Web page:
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Re: What's up with the Frugalwoods?
« Reply #608 on: October 28, 2019, 08:29:05 AM »

Let's say FW currently has 100,000 subscribers.  But let's say that right from the start, they were honest and disclosed their 'privileged' income situation...

Right from the start of their blog they disclosed their monthly spending, and right from the start they disclosed their savings rate.  It was apparent right from the start, based on arithmetic plugging in those two numbers, that their income was above $200k.  I'm not understanding where they were ever dishonest about that, or obfuscating.
« Last Edit: October 28, 2019, 08:31:35 AM by MyAlterEgoIsTaller »

Gin1984

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Re: What's up with the Frugalwoods?
« Reply #609 on: October 28, 2019, 08:35:41 AM »

Let's say FW currently has 100,000 subscribers.  But let's say that right from the start, they were honest and disclosed their 'privileged' income situation...

Right from the start of their blog they disclosed their monthly spending, and right from the start they disclosed their savings rate.  It was apparent right from the start, based on arithmetic plugging in those two numbers, that their income was above $200k.  I'm not understanding where they were ever dishonest about that, or obfuscating.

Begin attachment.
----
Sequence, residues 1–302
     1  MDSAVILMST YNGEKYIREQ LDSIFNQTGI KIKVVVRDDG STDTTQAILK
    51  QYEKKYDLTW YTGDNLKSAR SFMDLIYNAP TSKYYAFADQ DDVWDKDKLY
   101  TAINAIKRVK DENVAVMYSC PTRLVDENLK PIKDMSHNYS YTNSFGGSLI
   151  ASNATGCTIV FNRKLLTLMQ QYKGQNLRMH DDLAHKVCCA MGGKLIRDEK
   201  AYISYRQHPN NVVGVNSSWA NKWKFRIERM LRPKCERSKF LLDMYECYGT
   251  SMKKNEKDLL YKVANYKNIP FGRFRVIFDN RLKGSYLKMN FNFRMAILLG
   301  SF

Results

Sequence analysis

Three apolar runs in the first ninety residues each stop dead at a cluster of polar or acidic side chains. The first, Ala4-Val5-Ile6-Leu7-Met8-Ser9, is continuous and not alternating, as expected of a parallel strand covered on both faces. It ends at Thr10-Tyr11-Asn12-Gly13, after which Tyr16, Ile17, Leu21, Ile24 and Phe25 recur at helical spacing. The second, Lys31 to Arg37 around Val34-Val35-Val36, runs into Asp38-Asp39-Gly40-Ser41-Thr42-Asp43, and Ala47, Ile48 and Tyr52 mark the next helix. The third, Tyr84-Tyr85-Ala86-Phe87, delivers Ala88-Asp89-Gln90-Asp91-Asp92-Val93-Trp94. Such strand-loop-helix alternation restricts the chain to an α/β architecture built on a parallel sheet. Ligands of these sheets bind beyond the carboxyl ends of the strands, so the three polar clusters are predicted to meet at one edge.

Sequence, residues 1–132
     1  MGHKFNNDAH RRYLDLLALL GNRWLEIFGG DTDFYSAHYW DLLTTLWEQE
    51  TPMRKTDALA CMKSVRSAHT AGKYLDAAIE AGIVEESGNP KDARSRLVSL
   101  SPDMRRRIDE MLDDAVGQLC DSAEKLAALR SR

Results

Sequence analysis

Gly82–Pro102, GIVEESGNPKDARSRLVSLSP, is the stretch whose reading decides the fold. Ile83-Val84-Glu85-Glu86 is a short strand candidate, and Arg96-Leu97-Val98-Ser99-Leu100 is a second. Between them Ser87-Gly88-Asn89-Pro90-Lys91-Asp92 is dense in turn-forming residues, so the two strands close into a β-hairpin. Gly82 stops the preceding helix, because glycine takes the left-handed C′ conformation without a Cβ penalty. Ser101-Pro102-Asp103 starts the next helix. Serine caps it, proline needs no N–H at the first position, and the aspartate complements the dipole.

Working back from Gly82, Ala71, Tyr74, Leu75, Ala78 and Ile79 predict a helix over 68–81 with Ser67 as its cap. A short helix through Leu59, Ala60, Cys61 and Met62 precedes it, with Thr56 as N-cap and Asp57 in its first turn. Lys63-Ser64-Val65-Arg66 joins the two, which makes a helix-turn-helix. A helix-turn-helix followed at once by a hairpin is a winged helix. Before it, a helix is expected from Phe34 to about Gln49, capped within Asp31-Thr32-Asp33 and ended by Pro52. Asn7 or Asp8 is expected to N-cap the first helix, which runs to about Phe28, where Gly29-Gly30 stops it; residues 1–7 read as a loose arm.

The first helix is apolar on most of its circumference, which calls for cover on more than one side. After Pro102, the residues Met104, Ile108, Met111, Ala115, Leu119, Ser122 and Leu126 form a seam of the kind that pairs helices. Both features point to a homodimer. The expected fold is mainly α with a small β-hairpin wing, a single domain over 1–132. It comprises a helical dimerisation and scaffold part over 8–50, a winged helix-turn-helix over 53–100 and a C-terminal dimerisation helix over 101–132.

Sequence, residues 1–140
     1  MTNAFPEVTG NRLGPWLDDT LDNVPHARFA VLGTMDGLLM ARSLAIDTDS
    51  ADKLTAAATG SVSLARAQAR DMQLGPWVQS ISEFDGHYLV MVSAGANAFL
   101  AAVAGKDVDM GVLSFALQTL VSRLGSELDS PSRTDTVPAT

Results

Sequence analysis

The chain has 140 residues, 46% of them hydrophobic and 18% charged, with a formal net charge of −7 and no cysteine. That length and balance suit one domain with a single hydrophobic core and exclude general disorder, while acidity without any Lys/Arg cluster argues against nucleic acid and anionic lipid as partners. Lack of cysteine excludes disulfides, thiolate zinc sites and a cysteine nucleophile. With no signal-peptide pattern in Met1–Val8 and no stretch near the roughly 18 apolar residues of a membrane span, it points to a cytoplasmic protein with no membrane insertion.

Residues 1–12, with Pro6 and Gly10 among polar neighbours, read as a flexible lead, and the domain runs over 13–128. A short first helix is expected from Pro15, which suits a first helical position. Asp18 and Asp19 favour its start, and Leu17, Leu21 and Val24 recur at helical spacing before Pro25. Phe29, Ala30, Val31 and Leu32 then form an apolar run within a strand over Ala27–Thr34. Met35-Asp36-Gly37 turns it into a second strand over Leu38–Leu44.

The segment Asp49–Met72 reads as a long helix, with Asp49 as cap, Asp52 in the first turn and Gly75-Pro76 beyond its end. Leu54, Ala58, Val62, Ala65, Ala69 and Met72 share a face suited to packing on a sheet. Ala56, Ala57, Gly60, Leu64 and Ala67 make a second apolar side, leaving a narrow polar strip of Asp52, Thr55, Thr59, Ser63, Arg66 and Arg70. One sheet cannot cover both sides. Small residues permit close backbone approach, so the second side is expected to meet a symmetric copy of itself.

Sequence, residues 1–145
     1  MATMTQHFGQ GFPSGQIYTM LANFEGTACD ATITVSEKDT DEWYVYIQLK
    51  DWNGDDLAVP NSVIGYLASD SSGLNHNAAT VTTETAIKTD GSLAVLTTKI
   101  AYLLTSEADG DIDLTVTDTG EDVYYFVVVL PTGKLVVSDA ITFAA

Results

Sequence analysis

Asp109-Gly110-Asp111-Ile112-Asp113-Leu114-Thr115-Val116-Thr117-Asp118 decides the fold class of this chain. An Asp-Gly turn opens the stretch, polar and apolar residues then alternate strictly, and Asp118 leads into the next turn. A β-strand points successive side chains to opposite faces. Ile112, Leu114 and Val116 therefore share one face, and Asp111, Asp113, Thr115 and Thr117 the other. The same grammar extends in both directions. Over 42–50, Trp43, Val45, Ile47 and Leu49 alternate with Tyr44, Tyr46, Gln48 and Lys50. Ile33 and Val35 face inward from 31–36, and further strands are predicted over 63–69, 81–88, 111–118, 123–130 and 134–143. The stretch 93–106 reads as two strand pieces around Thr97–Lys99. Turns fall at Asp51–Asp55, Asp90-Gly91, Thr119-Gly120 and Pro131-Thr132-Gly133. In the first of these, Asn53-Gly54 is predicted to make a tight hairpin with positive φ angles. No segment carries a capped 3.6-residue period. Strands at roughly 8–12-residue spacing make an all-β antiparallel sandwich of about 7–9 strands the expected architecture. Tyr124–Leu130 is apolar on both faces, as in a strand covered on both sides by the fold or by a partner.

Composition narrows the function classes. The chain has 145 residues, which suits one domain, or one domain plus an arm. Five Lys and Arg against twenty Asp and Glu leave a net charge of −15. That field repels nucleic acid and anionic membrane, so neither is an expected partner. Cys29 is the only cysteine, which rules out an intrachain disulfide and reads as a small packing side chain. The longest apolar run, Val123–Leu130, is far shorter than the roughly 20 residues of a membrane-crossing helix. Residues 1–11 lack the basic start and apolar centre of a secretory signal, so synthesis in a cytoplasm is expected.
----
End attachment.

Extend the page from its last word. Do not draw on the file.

Seriously! Did people here forget how to do math? I did the math after reading her monthly spending report, it was right there in black and white.  I think people are mad because they did not put two and two together and want someone else to blame for not thinking.

Malcat

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Re: What's up with the Frugalwoods?
« Reply #610 on: October 28, 2019, 09:01:52 AM »

Let's say FW currently has 100,000 subscribers.  But let's say that right from the start, they were honest and disclosed their 'privileged' income situation...

Right from the start of their blog they disclosed their monthly spending, and right from the start they disclosed their savings rate.  It was apparent right from the start, based on arithmetic plugging in those two numbers, that their income was above $200k.  I'm not understanding where they were ever dishonest about that, or obfuscating.
Seriously! Did people here forget how to do math? I did the math after reading her monthly spending report, it was right there in black and white.  I think people are mad because they did not put two and two together and want someone else to blame for not thinking.